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By Christine Baker
Off the Trail, USA

It's a lot easier to say when something ended rather than when it began. Most of us can recognize the end from a mile away, but the beginning always slips up on us, lulling us into thinking what we're living through is yet another moment, in yet another day.
-Steve Yarbrough, Safe from the Neighbors

Christine Baker and Jessie

I can't help it. New Year's Eve is my least favorite holiday. Maybe it's the media's incessant need to shove list after list at us of the Top 10 Really Important Things That Happened (I already know, I was here for them!). Or maybe it's the song Auld Lang Syne, a Scottish song originally used to celebrate endings and beginnings, which just sounds sad to me. I've also never been a big fan of New Year's Resolutions. The way I look at it, we should be resolving to be better people every day, not just once a year.

We are programmed into using New Year's Eve to do everything in excess: eat, drink, laugh and party. As if somehow on January first, while we are nursing a killer hangover and watching the Rose Bowl, the world will suddenly becomes serious again. All we are focused on is how we want to become thinner or smarter or richer and how we will somehow change our lives in a snap by thinking through our goals only one day a year.

According to the University of Scranton Journal of Clinical Psychology, 45 percent of Americans make New Year's resolutions. The top three resolutions in 2012 were (in order): lose weight, get organized and save more money. Yet according to the same study, only eight percent actually are successful in achieving those resolutions.

So here is my question – why can't we resolve to look at how we are living our lives every day? Here's a thought: each evening, make a choice to sit together around the dinner table with no phones, no television, no technology and ask one another what was your high moment and your low moment. We can learn a lot by asking this simple question. We can be mindful of the people around us. We can be mindful of the moments of our lives that we ignore because nothing stellar happened.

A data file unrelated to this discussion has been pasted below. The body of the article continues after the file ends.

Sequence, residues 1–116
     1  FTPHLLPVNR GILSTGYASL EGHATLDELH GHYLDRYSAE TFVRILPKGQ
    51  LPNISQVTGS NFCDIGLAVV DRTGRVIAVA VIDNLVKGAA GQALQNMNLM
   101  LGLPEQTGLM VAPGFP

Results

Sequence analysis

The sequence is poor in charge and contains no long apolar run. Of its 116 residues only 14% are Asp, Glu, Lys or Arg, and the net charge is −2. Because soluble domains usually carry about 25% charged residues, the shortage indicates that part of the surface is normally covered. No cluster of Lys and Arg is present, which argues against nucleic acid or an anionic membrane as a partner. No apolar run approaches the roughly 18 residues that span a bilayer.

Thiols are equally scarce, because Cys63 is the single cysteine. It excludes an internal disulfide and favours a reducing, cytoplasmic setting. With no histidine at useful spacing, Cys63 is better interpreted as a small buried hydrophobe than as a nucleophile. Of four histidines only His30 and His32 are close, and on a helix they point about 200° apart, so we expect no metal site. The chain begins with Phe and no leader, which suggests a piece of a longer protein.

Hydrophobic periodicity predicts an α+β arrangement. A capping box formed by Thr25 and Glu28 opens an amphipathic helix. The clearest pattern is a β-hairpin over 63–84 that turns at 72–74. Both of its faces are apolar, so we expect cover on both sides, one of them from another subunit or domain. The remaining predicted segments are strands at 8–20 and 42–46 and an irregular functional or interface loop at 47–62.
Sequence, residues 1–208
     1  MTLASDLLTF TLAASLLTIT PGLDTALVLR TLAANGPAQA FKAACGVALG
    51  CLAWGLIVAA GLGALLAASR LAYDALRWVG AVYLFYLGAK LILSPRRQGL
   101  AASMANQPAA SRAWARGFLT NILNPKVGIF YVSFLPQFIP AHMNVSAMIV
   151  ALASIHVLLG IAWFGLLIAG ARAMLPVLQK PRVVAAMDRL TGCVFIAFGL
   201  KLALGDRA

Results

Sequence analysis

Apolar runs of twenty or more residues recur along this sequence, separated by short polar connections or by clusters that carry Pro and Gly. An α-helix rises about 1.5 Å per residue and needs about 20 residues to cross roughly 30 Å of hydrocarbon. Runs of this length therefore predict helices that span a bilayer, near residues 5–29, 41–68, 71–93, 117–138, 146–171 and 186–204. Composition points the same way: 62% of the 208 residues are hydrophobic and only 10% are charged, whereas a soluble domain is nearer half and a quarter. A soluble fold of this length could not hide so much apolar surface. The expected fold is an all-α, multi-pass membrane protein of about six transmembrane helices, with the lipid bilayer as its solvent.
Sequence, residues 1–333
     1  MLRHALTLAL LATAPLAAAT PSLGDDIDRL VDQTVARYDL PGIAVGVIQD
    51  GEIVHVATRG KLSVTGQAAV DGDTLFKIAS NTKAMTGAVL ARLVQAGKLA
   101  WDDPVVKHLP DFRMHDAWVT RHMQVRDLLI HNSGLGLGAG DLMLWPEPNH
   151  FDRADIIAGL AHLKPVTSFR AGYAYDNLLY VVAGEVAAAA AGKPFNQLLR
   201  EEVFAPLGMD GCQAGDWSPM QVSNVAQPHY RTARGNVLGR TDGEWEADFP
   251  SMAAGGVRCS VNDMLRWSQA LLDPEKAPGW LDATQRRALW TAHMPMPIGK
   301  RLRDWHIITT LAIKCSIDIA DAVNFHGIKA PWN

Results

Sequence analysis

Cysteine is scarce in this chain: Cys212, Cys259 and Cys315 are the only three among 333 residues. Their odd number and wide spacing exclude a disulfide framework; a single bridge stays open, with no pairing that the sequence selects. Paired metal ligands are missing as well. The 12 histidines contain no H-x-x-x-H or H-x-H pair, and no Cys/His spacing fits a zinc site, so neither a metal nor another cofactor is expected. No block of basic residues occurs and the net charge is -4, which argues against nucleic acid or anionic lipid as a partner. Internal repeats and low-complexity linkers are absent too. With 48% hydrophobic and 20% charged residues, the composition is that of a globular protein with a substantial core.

I don't resolve anything on New Year's Eve. I stay in, make a wonderful dinner and watch movies. On that day, just like every other day, I've tried to be the best person I can be. I try to do an act of kindness for someone else. I try to be patient. I try to work hard. I strive to throw my whole self into every moment without wasting a single breath. And as a result, I'm usually asleep before midnight because to me, New Year's Eve is another night. It's just another night I can recharge to become the person I was meant to be on the next day, and the next day, and the next day.

So for this New Year, don't waste your time making lists of all the things you didn't accomplish in the previous year that you want to accomplish in the new one. We don't need fanfare or noise, streamers or party hats to remind us that we are loved, we are grateful for our blessings, and most of all, we are alive.

The Italian word for "today" is oggi, and I love the way it sounds – almost like Oh-Gee. "Oh-Gee, this is a beautiful moment I do not want to let pass me by." Rather than looking back at what happened or looking ahead at what will be, why not look at what is – right now in this very moment. Simply make a silent promise to yourself that on every day of every year, you will endeavor to be the type of person you can be proud of.

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Christine Baker is the founder of Walk4Good and president of CB Creative, Inc., an integrated communications consulting firm in Nyack, NY. She is the author of Why She Plays: The World of Women's Basketball (University of Nebraska Press 2008), and was inducted into the Middletown, Connecticut Sports Hall of Fame in January 2011.

All opinions expressed by Christine Baker are solely her own and do not reflect the opinions of Stay Thirsty Media, Inc.

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